The blood–testis barrier is a physical barrier between the blood vessels and the seminiferous tubules of the animal testes. The name "blood-testis barrier" is misleading in that it is not a blood-organ barrier in a strict sense, but is formed between Sertoli cells of the seminiferous tubule and as such isolates the further developed stages of germ cells from the blood. A more correct term is the "Sertoli cell barrier" (SCB).
The barrier is formed by tight junctions, adherens junctions and gap junctions between the Sertoli cells, which are sustentacular cells (supporting cells) of the seminiferous tubules, and divides the seminiferous tubule in a basal compartment (outer side of the tubule, in contact with blood and lymph) and an adluminal compartment (inner side of the tubule, isolated from blood and lymph). The presence of the SCB allows Sertoli cells to control the adluminal environment in which germ cells (spermatocytes, spermatids and sperm) develop by influencing the chemical composition of the luminal fluid. The barrier also prevents passage of cytotoxic agents (bodies or substances that are toxic to cells) into the seminiferous tubules.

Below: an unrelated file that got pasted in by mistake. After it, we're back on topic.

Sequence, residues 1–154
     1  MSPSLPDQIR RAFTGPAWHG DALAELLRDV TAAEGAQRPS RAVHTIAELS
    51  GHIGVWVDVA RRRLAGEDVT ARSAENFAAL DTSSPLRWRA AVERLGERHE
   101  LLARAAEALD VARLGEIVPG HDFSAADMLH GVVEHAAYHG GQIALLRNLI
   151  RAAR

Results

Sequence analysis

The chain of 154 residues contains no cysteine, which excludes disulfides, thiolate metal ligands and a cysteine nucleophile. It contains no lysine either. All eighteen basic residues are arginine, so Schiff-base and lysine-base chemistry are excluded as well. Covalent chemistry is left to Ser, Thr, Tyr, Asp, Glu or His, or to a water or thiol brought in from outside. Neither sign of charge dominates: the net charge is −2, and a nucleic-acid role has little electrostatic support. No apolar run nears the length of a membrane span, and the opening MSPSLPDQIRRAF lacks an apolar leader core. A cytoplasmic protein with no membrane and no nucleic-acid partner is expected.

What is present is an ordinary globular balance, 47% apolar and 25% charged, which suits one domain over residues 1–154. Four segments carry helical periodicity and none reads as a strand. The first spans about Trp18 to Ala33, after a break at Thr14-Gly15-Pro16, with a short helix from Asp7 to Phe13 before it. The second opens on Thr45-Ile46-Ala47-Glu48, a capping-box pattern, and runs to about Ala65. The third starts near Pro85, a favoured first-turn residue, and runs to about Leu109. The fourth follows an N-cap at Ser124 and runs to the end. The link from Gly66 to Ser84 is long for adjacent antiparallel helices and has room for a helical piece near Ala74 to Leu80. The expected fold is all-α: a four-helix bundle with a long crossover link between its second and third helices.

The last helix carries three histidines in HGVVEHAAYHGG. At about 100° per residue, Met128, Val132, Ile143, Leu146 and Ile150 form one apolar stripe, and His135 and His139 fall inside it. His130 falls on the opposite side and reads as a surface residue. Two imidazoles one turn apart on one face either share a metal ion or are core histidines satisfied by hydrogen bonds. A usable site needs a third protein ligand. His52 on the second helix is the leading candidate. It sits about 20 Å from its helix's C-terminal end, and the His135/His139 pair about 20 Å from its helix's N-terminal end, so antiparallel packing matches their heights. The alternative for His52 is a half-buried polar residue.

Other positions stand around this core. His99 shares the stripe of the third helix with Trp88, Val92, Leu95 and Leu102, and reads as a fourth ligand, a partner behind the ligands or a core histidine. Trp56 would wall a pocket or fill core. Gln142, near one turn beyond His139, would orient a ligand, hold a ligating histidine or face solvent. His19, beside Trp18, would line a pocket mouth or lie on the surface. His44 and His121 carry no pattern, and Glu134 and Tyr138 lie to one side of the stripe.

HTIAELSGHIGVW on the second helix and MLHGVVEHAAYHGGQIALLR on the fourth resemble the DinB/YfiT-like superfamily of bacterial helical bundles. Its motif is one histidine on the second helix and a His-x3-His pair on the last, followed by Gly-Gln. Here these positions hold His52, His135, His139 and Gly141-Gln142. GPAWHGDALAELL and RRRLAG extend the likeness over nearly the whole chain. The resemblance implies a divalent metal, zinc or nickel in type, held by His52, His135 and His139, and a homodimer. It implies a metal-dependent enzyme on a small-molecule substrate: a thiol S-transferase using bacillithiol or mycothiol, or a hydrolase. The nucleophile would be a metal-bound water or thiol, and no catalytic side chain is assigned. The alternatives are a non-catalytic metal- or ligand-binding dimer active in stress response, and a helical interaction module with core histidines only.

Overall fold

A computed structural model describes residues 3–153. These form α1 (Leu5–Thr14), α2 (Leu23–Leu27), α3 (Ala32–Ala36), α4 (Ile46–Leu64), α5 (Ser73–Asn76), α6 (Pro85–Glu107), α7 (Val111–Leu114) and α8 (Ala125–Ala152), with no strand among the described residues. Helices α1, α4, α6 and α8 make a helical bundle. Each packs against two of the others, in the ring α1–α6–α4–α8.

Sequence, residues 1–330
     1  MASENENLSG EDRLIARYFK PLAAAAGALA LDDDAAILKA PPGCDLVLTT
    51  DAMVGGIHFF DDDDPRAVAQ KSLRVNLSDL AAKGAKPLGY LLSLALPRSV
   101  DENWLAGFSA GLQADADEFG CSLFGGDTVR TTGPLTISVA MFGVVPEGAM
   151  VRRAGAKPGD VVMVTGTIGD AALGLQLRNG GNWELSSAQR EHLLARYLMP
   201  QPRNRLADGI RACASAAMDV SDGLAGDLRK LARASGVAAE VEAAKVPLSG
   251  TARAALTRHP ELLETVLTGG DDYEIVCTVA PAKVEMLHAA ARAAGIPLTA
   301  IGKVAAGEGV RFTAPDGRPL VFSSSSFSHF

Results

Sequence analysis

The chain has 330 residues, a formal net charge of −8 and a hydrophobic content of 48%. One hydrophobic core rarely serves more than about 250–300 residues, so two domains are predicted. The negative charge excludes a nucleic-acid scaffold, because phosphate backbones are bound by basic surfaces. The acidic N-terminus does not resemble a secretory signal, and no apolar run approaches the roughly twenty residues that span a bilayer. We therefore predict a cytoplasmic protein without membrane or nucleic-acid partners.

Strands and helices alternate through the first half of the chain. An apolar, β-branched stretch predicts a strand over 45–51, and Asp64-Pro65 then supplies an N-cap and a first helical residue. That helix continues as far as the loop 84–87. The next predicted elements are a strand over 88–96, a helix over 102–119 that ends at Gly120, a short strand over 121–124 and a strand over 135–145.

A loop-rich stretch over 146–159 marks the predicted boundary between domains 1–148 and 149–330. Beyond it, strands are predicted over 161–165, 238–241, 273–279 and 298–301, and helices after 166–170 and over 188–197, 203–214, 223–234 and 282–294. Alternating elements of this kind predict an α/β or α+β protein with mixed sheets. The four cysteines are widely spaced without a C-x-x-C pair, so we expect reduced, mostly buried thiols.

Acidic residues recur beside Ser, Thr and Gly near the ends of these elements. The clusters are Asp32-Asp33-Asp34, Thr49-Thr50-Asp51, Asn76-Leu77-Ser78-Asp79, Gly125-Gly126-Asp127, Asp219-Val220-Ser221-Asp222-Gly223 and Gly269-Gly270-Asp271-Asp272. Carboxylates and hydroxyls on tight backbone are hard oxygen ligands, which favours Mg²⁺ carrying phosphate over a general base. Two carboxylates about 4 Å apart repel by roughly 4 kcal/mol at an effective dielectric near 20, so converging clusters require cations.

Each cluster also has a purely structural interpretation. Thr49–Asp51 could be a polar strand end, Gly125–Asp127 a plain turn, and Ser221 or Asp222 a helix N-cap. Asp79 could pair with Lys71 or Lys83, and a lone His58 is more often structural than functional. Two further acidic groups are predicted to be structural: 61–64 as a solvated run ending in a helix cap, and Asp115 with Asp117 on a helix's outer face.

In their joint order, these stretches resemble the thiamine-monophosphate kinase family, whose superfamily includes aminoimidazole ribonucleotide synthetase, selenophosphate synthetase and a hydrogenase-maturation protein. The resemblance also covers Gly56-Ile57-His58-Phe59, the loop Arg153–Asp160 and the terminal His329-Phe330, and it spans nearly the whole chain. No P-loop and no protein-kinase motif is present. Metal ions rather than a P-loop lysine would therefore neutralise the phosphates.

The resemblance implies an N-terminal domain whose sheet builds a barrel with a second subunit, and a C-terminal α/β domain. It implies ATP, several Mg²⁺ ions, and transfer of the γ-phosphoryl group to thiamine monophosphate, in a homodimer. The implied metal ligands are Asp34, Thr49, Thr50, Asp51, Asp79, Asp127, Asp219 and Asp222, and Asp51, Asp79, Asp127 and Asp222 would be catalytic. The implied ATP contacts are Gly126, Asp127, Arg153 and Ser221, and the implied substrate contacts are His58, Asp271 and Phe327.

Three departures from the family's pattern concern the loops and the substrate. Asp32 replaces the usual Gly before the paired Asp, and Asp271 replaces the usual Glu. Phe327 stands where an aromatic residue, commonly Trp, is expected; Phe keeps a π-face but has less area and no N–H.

The blood–testes barrier can be damaged by trauma to the testes (including torsion or impact), by surgery or as a result of vasectomy. When the blood–testes barrier is breached, and sperm enters the bloodstream, the immune system mounts an autoimmune response against the sperm. The anti-sperm antibodies generated by the immune system can bind to various antigenic sites on the surface of the sperm. If they bind to the head, the sperm may be less able to fertilize an egg, and, if they bind to the tail, the motility of the sperm can be reduced.